Genesis Technical Systems Corp

Genesis Technical Systems Corp

February 26, 2008 15:16 ET

Genesis Technical Systems Corp: 400 mbps Rural Broadband & Urban Over Copper Telephone Lines Using Bonded Dsl Rings™ (BDR)

CALGARY, ALBERTA--(Marketwire - Feb. 26, 2008) - Genesis Technical Systems Corp (GTS) http://www.genesistechsys.com of Calgary, Canada developer of the patent pending Bonded DSL Rings(tm) Technology (BDR), successfully demonstrated its BDR proof of concept at the Broadband World Forum in Berlin, Germany in October 2007 and at the MINT Lab in conjunction with TR Labs "Building the Next Generation Internet Network Workshop" in Edmonton, Canada in November 2007.

High quality television over copper telephone lines can be a reality for Telcos using Bonded DSL Rings(TM). Bandwidths of up to 400 megabits per second - at a cost much lower than fiber - are achievable using BDR. This will allow Telcos to compete head-to-head with cable companies at a price point that is attractive to consumers and very profitable for Telcos.

BDR will give Telcos a competitive advantage in rural broadband and urban markets. BDR delivers speeds faster than cable (see graph on following page). BDR will give Telcos a better ROI and is more environmentally friendly that fiber.

There were an estimated 1.25 billion copper phone lines in service worldwide in 2005. North American Telcos are losing 10 percent of their copper telephone line customers to cable competitors each year. Bonded DSL Rings(TM) from GTS will be able to reverse these losses by providing economical high bandwidth service to rural broadband and urban customers wherever there are existing copper telephone lines.

With BDR's "complete Telco solution" (rural broadband and urban) Telcos can generate substantial new value from their existing copper telephone lines without the massive investment needed for fiber which is only a partial solution. Return on investment for Telco using BDR can be about one year in rural and urban areas compared to 10+ years for fiber deployment in urban areas only.

"GTS's BDR solution provides Quality of Service (QoS) which creates a new paradigm in telecom service delivery in such an economical way that it can be applied throughout a Telco's entire rural and urban network," stated Stephen Cooke, inventor of BDR. "Also, because BDR reuses a Telco's existing copper telephone lines it is more environmentally friendly than fiber as there is no digging to install it and it can be used for automated meter reading by Utilities."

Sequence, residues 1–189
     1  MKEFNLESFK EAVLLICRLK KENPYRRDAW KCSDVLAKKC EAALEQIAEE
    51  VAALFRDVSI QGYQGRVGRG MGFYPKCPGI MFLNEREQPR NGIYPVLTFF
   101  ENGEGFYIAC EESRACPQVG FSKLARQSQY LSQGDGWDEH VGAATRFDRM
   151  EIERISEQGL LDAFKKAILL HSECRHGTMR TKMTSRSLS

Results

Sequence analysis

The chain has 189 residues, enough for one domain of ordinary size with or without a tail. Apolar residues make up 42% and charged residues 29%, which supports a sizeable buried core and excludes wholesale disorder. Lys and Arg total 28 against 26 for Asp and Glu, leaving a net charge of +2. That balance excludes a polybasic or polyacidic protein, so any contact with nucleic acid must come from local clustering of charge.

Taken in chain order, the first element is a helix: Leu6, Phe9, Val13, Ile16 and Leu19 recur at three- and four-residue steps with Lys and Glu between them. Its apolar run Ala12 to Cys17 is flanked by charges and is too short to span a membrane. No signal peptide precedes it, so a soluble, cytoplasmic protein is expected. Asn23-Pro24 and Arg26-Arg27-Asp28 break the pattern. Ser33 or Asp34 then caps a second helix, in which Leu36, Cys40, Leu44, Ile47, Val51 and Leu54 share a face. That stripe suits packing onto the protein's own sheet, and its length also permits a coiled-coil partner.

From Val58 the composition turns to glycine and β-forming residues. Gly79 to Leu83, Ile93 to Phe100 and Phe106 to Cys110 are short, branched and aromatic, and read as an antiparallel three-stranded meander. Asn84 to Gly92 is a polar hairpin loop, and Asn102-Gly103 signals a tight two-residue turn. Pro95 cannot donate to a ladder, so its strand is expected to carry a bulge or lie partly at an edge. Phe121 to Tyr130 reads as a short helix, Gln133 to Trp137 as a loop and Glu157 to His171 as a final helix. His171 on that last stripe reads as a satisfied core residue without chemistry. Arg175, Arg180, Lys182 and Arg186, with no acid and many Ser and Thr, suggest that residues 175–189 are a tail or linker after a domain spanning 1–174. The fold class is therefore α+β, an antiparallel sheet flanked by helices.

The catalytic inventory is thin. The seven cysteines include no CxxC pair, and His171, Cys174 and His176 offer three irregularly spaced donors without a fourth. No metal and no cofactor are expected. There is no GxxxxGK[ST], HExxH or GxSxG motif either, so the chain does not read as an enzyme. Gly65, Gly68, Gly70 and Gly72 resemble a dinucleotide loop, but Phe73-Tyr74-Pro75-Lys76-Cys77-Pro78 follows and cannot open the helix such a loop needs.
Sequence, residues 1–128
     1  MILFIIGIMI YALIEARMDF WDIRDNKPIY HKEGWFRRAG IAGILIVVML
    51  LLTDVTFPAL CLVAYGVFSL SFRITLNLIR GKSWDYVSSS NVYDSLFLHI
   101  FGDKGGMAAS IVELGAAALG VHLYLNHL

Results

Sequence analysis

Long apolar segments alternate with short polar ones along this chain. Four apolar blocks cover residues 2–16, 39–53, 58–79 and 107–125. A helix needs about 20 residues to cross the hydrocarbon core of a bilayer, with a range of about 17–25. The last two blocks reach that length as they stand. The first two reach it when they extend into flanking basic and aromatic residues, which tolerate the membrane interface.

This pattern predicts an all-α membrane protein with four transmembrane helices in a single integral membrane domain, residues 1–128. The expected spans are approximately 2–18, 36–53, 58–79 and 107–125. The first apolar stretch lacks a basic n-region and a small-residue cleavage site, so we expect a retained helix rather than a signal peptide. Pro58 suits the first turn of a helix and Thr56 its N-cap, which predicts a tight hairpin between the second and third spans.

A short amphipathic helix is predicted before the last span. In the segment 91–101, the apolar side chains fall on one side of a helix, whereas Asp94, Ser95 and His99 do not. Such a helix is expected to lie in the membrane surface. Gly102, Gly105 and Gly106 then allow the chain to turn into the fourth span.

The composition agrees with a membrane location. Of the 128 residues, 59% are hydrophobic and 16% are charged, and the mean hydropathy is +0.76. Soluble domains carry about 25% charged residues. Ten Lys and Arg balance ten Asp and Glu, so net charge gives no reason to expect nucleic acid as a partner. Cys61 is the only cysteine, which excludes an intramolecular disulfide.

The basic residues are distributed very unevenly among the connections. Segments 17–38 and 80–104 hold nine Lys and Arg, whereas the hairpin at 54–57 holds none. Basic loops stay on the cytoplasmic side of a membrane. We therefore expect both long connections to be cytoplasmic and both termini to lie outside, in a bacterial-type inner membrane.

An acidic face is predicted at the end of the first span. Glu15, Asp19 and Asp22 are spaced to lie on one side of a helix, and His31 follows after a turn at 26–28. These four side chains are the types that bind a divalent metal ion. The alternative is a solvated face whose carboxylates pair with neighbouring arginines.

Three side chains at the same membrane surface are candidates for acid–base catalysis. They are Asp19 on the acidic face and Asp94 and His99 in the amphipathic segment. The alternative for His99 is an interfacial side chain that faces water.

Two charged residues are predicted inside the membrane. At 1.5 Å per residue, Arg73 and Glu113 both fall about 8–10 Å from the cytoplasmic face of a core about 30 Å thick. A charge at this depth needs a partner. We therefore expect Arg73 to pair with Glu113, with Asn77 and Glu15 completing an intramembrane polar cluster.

With BDR Telcos can provide customers high quality premium services that exceed what cable offers. This will enhance the Telco customer's experience and also allow Telcos to charge for premium services. Examples of some of the premium services Telcos will be able to offer with BDR include Internet gaming, home security and medical monitoring, home network management and automated meter reading for utilities as well as HDTV, IPTV and higher bandwidth broadband Internet access for faster uploads and downloads.

Bonded DSL Rings from GTS combines DSL and Resilient Packet Rings (RPR) to provide greater bandwidth and higher quality services to the consumer. "It utilizes two very familiar and successful technologies and is completely pay-as-you-go, eliminating the huge early investment required by fiber-to-the-premises networks," "It reuses the existing wireline network infrastructure to provide a 400 Mbps Resilient Packet Ring." stated James Heath, Director of Broadband Research at Dittberner Associates www.dittberner.com.

GTS successfully demonstrated its BDR proof of concept at the Broadband World Forum in Berlin, Germany http://www.iec.org/events/2007/bbwf/exhibition/hot_technologies.html in October 2007 and at the MINT Lab in conjunction with TR Labs Building the Next Generation Internet Network Workshop http://trlabs.ca/trlabs/about/events/ngiwkshp_11092007.html in Edmonton, Canada in November 2007.

To view a graph of the potential speed of Telco vs. cable please click the following link: http://media3.marketwire.com/docs/226gts.jpg.

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